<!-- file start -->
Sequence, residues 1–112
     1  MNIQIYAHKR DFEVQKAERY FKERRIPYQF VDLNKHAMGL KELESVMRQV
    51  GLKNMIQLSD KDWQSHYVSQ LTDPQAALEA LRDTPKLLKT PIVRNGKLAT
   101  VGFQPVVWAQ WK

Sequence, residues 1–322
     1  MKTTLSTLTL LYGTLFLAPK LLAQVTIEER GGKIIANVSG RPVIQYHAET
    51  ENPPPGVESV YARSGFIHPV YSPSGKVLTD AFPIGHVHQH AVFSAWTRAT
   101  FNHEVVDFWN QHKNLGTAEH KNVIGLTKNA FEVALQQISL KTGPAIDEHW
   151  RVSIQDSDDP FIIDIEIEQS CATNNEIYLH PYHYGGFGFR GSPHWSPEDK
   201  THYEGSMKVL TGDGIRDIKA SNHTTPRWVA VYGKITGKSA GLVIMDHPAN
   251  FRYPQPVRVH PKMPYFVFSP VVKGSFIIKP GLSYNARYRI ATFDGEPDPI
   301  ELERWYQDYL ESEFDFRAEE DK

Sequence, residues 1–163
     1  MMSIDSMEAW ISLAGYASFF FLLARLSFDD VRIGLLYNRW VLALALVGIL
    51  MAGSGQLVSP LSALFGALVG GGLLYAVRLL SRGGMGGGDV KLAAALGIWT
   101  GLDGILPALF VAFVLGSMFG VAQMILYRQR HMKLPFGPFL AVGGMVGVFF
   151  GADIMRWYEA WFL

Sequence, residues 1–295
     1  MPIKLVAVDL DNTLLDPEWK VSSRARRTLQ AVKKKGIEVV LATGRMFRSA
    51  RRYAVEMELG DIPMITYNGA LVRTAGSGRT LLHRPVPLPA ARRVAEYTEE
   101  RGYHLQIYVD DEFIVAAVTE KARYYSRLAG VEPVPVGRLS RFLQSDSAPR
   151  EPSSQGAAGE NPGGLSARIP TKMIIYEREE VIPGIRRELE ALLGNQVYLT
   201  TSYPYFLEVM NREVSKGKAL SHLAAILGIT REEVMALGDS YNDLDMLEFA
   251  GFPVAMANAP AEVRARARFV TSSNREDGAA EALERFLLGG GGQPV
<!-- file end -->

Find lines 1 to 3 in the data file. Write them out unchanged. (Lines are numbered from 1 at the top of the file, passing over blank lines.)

Sequence, residues 1–112
     1  MNIQIYAHKR DFEVQKAERY FKERRIPYQF VDLNKHAMGL KELESVMRQV
    51  GLKNMIQLSD KDWQSHYVSQ LTDPQAALEA LRDTPKLLKT PIVRNGKLAT